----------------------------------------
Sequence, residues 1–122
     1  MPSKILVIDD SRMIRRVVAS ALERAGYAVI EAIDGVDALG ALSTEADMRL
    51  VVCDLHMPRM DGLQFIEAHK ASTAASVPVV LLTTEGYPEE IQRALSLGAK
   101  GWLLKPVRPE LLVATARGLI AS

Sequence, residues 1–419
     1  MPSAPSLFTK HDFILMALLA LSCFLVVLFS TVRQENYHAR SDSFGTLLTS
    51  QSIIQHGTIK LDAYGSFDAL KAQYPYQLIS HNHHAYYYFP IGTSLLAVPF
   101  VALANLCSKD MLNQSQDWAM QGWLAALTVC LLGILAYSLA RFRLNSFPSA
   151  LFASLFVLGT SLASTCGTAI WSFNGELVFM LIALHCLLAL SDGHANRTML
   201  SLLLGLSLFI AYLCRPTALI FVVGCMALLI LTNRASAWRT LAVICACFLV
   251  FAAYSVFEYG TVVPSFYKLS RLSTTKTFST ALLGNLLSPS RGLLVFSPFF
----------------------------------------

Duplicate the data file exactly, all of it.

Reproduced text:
Sequence, residues 1–122
     1  MPSKILVIDD SRMIRRVVAS ALERAGYAVI EAIDGVDALG ALSTEADMRL
    51  VVCDLHMPRM DGLQFIEAHK ASTAASVPVV LLTTEGYPEE IQRALSLGAK
   101  GWLLKPVRPE LLVATARGLI AS

Sequence, residues 1–419
     1  MPSAPSLFTK HDFILMALLA LSCFLVVLFS TVRQENYHAR SDSFGTLLTS
    51  QSIIQHGTIK LDAYGSFDAL KAQYPYQLIS HNHHAYYYFP IGTSLLAVPF
   101  VALANLCSKD MLNQSQDWAM QGWLAALTVC LLGILAYSLA RFRLNSFPSA
   151  LFASLFVLGT SLASTCGTAI WSFNGELVFM LIALHCLLAL SDGHANRTML
   201  SLLLGLSLFI AYLCRPTALI FVVGCMALLI LTNRASAWRT LAVICACFLV
   251  FAAYSVFEYG TVVPSFYKLS RLSTTKTFST ALLGNLLSPS RGLLVFSPFF